One of my favorite attractions was Soarin’ Around the World. While waiting in the hangar for our turn to be seated one could learn and develop a new appreciation for the rich history of aviation that can be attributed to Southern California. It was all on display above our heads and on the adjacent walls.


The ride itself was worth the long wait. I won’t spoil it any more, but do make sure to check it out if you visit. You won’t regret.

The best part of the park (in my opinion anyway) is the Cars Land, themed after – you guesses it – the Cars movie. If you’re as big of a fan of the movie as we are, you won’t be disappointed. Usually one can expect an animation to reflect the real world, or at least to draw inspiration from it. The movie is full of analogies and tributes to Route 66 – that is probably why we love it so much. The park has achieved an incredible feat doing the opposite – transforming an animated theme into reality without sacrificing that cartoonish and magical aspect of it in the process. We’ve been also blessed with being at the right place at the right time, so I managed to capture the moment when the light was about perfect.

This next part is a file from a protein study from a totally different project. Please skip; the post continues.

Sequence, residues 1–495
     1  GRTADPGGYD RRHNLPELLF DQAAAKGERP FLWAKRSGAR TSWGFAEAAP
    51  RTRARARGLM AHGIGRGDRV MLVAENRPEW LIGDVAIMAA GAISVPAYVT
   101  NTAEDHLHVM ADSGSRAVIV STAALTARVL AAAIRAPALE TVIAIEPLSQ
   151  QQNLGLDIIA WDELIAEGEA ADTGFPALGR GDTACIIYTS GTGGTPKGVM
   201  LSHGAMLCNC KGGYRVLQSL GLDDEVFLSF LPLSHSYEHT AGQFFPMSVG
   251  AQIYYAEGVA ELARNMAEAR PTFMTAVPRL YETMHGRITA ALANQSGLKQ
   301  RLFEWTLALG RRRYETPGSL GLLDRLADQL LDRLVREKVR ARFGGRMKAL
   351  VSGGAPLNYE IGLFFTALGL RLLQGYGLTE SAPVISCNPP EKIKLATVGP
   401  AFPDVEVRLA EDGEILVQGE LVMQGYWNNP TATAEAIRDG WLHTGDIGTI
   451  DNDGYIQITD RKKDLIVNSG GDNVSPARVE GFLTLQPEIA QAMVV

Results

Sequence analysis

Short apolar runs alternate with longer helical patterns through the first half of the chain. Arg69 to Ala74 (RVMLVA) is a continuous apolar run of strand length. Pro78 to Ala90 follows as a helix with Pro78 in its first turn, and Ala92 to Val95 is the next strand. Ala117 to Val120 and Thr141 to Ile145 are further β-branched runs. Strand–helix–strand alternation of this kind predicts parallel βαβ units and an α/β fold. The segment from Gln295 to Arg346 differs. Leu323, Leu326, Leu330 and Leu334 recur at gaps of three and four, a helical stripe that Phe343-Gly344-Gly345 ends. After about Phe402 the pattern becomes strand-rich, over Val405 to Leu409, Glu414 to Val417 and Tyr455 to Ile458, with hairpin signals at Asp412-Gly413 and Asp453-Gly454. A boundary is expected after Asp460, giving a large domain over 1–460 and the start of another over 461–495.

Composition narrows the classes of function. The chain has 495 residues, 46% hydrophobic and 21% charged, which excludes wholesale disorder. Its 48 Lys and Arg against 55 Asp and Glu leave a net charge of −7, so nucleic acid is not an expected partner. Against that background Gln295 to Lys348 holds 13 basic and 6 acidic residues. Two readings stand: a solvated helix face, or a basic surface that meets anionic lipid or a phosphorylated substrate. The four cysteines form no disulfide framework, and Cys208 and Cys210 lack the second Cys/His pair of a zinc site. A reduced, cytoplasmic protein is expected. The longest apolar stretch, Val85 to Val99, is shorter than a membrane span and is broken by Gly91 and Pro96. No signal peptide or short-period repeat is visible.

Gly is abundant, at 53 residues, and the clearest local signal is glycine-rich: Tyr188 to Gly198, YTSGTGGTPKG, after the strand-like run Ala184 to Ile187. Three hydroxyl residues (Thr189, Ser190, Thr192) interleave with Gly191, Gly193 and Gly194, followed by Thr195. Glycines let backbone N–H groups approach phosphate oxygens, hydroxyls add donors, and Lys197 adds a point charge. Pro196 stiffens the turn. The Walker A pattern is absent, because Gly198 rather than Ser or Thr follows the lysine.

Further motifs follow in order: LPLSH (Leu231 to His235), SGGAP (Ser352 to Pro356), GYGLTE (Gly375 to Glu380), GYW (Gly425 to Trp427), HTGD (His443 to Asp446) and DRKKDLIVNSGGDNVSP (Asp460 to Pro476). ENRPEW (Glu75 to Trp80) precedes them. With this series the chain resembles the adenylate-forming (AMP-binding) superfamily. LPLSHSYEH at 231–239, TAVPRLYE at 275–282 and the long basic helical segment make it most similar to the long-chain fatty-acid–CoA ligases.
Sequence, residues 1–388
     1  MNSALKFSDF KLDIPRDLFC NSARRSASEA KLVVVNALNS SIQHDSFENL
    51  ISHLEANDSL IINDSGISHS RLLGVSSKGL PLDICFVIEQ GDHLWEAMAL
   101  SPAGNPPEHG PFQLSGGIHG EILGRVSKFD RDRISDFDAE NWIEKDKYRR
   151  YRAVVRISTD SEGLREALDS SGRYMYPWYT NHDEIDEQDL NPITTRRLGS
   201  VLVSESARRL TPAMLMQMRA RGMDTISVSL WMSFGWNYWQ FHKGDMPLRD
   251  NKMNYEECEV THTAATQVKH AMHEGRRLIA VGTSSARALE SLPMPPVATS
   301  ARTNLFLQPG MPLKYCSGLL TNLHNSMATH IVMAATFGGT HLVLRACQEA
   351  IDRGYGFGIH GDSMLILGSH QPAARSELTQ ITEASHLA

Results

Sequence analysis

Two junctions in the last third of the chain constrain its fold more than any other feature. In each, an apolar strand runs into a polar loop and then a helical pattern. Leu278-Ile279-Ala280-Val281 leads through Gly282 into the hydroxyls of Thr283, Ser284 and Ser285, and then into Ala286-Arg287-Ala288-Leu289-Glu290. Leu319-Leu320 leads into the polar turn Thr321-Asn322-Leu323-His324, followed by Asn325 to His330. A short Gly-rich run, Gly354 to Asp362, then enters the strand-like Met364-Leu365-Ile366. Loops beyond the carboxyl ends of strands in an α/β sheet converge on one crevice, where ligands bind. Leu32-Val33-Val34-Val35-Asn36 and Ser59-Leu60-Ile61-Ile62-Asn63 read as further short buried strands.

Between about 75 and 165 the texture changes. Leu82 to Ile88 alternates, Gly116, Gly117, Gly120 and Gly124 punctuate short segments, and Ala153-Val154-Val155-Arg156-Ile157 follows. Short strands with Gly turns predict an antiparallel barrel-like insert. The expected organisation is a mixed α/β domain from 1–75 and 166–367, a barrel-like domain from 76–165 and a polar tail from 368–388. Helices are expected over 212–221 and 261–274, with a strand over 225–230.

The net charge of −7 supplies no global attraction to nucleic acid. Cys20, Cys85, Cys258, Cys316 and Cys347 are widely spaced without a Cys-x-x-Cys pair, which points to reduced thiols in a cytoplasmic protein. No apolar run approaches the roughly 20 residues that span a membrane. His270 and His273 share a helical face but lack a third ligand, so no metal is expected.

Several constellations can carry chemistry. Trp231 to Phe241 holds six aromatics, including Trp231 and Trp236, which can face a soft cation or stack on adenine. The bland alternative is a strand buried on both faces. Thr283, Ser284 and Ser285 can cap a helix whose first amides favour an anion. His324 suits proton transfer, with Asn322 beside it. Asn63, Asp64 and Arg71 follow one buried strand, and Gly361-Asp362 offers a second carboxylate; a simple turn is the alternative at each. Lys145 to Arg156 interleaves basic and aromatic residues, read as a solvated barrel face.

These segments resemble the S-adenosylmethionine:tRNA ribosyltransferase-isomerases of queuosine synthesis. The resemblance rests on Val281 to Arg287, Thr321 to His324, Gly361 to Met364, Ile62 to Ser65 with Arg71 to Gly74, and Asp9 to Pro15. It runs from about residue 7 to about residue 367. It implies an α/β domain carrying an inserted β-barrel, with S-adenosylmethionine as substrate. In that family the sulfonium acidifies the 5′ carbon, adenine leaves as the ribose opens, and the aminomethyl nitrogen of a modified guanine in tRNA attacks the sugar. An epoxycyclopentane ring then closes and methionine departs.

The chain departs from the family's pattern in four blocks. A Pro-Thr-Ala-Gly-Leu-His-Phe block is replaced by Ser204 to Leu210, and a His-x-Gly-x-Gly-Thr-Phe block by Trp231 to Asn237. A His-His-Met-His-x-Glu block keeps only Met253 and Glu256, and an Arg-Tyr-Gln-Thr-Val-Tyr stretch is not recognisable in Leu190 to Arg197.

We’ve been so absorbed by the world of Lightning McQueen and Radiator Springs that we have almost missed the parade! We quickly followed the music and managed to catch the best part. We (at least the two adults present) felt like children again! What an experience!

Day 7 – Disneyland Park

After a good night’s sleep it was time to check out the other theme park – the one and only, the original Disneyland. I was entering with mixed feelings. As a child, I used to wish that one day I would be able to visit the magical world of characters created by Walt Disney. Many years have passed since then, will it live up to that childhood dream? Or will it… oh, just stop it old man, go and enjoy yourself! And I did! I was still fighting whatever the bug that got to me, so I wanted to take it easy again. My girls were off to exploring the crazy world of rides while I took my time to wander around and photograph all the attractions. It actually worked to our favor – I could document all the picture worthy scenes, so we can relive these moments after coming back home.